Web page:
WEIRD SUFFOLK: The ghost of Thorington Hall who is scared of the living
PUBLISHED: 18:00 02 May 2020
Deep in the heart of Constable country is Thorington Hall, a jewel in Suffolk’s architectural crown available to rent complete with a private chef…and a ghost.
The timber-framed farmhouse, set in 1,000 acres of farmland close to Colchester, dates from the 16th century and boasts a host of wonderful features, including a six-flue chimney stack, a Priest Hole, a cellar and…witch repellents.
Thorington Hall is filled with magic: apotropaic marks of three interlocking circles have been scratched into woodwork to ward off evil spirits and, before the refurbishments of 1937, dark symbols thought to have been burned on to the plaster by candles were visible in photographs. Additionally, a shoe and a wooden recorder were buried in a wall behind one of the main chimneys to protect the hall from enchantment. While these traditional antidotes to evil may well have done their job, they most certainly have not repelled the Hall’s own ghost, who has appeared to families living at the building for many years.
In The Ghosthunters Almanac, written by Peter Underwood and first published in 1993, the section on Thorington noted that: “…footsteps are heard in an upstairs passage where the ghost has most frequently been seen by previous and present occupants, and by the occasional visitor. “Witnesses include Dr Peter Hilton-Rowe, Dr Christobel Nicholson and Lord Amwell.” Reports are all broadly similar: a young woman appears wearing a brown or yellow dress with a cord tied around her waist is spotted in one of the upstairs passages and on the landing in front of the stairs. When she was seen by one witness, at dusk, she raised her hand to her mouth in shock that she had been spotted before disappearing in front of his eyes.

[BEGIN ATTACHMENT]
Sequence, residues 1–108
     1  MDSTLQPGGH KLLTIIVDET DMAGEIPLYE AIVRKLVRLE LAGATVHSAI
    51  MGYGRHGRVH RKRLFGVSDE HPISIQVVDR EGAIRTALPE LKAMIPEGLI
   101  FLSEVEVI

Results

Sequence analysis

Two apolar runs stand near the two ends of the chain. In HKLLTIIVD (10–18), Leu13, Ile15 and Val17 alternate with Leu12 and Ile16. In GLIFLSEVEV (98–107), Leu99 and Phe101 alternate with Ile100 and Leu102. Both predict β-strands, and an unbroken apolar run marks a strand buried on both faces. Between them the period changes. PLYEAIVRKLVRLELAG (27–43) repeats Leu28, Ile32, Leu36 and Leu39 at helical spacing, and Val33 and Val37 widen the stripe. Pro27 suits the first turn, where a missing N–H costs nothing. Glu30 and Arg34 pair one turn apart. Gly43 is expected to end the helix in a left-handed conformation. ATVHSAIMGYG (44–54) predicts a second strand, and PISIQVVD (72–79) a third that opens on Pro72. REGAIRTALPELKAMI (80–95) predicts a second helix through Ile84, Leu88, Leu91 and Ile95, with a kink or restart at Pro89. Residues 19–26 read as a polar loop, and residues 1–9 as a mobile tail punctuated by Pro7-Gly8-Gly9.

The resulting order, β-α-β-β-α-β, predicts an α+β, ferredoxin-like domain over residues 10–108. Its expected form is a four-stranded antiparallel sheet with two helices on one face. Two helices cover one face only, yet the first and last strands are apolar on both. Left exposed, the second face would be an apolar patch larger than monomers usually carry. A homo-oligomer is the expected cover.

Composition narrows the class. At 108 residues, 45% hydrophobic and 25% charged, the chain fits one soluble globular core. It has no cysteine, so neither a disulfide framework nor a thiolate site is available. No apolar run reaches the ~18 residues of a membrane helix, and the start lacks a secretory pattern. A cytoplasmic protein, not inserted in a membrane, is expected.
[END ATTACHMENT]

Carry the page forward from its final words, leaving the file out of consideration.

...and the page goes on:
In the Dedham Vale Society’s newsletter for Winter 2018/19, there is a fascinating article about the phantom resident of the 17th century farmhouse on the Suffolk and Essex border.
It reads: “Some have mentioned sightings of a woman or girl in a brown dress, others have recalled hearing the sound of running feet. A group of National Trust staff have even noticed the distinct smell of talcum powder at dusk in one of the main bedrooms.”
Guardian journalist Sam Wollaston moved into the house in 1976 explained to writer Georgie Russell that his father, the late Nicholas Wollaston, a traveller and writer, had stayed up all night to meet the ghost who they presumed was a Mrs Umfreville, whose portrait hung on the wall.
The article continues: “…by all accounts the caretaker, Fred Burton, came across her in a corridor and a Wollaston guest woke up to find her standing by his bed.” Elizabeth Umfreville lived at the hall in the 17th century having married Thomas May of Thorington Hall on December 21 1665.
The Wollastons left the Hall in 2007 and the National Trust struggled to find a new tenant – one family, the Scotts, only stayed for a year after moving in. “They had a string of supernatural experiences at the hall. First came the running footsteps. Tamsin and her husband would be watching television and hear a thud, thus, thud from above and quickly head upstairs to check their children.
“Each time their little ones would be fast asleep though and they were faced with no other option but to accept the haunting sound as part of life at Thorington. But like other ‘Thorington Hallers’ before her, Tamsin never felt fear. In fact she says she felt protected.”
Thorington Hall has been a holiday let for the National Trust since 2014 and has been fully-refurbished, giving holidaymakers the chance to stay in bedrooms steeped in history (and possibly meet Mrs Umfreville on the landing, at night).
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